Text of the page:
In his thoughtful book, The Practice of Everyday Life, Michel de Certeau shared a clever distinction between strategies and tactics that sometimes helps me when I feel small and defenseless in the face of seemingly unalterable altars. “I call a strategy,” de Certeau wrote,
“The calculation (or manipulation) of power relationships that becomes possible as soon as a subject with will and power (a business, an army, a city, a scientific institution) can be isolated. It postulates a place that can be delimited as its own and serve as the base from which relations with an exteriority composed of targets or threats (customers or competitors, enemies, the country surrounding the city, objectives and objects of research, etc.) can be managed. As in management, every ‘strategic’ rationalization seeks first of all to distinguish its ‘own’ place, that is, the place of its own power and will, from an ‘environment.’ A Cartesian attitude, if you wish: it is an effort to delimit one’s own place in a world bewitched by the invisible powers of the Other. It is also the typical attitude of modern science, politics, and military strategy.”
De Certeau contrasted strategy — what I think of when I imagine the Pillars of Western Thought — with tactics, for which he claimed,
“It [the tactical] takes advantage of ‘opportunities’ and depends on them, being without any base where it could stockpile its winnings, build up its own position, and plan raids. What it wins it cannot keep. This nowhere gives a tactic mobility, to be sure, but a mobility that must accept the chance offerings of the moment, and seize on the wing the possibilities that offer themselves at any given moment. It must vigilantly make use of the cracks that particular conjunctions open in the surveillance of the proprietary powers. It poaches in them. It creates surprises in them. It can be where it is least expected. It is a guileful ruse. In short, a tactic is an art of the weak.”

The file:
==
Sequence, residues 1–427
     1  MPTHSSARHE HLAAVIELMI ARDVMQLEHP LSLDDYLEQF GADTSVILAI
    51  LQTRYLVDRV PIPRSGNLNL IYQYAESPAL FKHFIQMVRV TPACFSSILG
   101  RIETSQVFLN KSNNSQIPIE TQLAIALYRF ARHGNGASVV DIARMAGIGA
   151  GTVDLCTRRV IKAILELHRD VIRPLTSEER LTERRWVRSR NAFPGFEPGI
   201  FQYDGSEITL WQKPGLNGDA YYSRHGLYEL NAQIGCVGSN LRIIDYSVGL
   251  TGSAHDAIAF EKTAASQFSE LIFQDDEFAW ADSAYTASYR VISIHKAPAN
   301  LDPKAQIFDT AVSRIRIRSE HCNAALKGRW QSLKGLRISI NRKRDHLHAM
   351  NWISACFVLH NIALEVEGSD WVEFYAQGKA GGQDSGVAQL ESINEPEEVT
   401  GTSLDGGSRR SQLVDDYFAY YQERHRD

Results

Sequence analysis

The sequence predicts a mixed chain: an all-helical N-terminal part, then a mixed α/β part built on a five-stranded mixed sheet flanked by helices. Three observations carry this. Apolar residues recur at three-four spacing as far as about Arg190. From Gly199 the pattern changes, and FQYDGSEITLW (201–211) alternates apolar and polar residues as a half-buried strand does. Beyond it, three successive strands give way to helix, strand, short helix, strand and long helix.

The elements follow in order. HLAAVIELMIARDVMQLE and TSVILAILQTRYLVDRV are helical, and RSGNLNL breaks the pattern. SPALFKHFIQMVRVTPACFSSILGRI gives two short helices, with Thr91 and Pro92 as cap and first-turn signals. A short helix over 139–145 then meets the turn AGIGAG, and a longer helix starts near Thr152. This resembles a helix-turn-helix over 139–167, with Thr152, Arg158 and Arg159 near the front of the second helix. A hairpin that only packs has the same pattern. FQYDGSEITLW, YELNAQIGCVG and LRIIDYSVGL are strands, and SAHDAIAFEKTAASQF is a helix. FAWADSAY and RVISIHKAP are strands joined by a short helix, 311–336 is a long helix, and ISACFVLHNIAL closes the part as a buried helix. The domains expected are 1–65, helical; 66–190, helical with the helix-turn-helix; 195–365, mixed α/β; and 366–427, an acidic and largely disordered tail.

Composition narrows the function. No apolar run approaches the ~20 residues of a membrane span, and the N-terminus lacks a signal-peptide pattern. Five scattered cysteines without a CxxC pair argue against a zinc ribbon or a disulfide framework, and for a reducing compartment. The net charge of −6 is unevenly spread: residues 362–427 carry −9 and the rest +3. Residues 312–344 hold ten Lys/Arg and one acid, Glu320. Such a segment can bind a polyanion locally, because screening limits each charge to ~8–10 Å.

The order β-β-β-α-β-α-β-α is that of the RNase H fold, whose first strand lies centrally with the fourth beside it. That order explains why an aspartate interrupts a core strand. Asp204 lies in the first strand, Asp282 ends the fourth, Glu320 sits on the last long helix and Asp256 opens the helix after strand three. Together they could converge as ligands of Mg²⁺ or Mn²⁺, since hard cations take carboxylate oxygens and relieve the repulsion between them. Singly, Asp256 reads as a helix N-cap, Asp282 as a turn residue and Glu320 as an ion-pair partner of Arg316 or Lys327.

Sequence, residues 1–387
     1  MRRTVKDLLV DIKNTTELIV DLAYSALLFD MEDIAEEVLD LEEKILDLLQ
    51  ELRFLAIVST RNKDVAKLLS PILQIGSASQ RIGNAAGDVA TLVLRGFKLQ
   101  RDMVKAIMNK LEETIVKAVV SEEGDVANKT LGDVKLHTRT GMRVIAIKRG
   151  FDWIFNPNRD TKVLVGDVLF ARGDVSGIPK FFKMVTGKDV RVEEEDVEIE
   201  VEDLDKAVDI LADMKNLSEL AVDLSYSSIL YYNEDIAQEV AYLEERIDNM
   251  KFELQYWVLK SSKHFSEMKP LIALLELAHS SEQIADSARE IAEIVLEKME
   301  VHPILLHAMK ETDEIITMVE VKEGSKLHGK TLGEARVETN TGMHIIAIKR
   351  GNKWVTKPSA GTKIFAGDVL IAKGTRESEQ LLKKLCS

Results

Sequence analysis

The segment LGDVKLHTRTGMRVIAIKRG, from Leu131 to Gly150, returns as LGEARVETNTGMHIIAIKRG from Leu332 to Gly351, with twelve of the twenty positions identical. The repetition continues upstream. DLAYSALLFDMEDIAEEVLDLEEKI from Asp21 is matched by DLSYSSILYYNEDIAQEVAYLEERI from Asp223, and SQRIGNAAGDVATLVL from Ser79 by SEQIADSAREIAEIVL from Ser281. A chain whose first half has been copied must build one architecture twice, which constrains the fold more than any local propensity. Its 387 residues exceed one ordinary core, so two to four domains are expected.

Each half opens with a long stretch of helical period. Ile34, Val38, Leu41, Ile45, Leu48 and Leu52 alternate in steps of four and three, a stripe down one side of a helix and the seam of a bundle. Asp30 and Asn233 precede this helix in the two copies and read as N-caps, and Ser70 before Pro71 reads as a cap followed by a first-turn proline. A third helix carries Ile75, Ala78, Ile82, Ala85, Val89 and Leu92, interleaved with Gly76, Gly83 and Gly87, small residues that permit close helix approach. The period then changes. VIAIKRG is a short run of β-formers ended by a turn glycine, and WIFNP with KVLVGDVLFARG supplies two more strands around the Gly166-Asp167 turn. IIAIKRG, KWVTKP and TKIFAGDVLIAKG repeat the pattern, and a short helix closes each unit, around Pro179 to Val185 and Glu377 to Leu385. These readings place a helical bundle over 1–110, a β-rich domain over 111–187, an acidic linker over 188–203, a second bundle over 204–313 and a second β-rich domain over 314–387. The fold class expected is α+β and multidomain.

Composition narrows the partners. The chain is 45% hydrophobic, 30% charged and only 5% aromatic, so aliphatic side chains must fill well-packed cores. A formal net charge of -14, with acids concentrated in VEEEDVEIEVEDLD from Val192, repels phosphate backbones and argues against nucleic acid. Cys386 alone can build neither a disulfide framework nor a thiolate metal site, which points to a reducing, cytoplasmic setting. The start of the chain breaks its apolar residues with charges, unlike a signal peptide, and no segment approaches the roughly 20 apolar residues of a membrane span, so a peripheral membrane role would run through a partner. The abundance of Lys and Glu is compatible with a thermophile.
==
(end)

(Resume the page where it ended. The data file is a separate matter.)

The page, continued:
De Certeau emphasized the power of the strategic and the trickery of the tactical. And as fate would have it, I have inherited the tactical way of the weak, although I try to avoid its trickery. The art of deception seems necessary only when under attack or if you set your intention on dismantling strategically placed altars. Yet having already chosen the path of the gentle trickster, I look to Nature as a model for my tactics. Like water.
Water is tactical. It’s also a bit of a Trickster — both gentle and mighty, unpredictable and recurrent. It can be slow and repetitious, much like chores on Sunday, washing dirt from clothes, or watering the garden. And after the chores are done, there’s water again to quench the thirst of hard work. This is water working in repetitive and gentle ways. Yet in large quantities, or with enough time, water can erode mountains into pebbles and crumble marble into dust. These bits of past edifices we scatter on garden paths and tended roads, making use of all things, great and small.
Water is often the slowest path of change, yet its effects are everywhere. And when we take care of water, and are mindful of its power, water has a way of taking care of us.
With water as my metaphor and model, I shift from an altar of permanence to an altar that upholds the principles of fluidity and inevitable change. I imagine the lives of the Tiebele or Ndebele women of Africa who paint mosaics on the sides of their homes, attentive to detail and process, all the while knowing what is given loving attention in the dry season may wash away with the rains. And that’s okay. There is peace in living according to the seasons and the wisdom that eventually everything begins anew, and often with a familiar rhythm.
de Certeau, Michel. 1984. The Practice of Everyday Life. Translated by Steven Rendall. Berkeley: University of California Press.
© 2014 Laura K Kerr, PhD. All rights reserved (applies to writing and photography).
Written By Laura K Kerr, Ph.D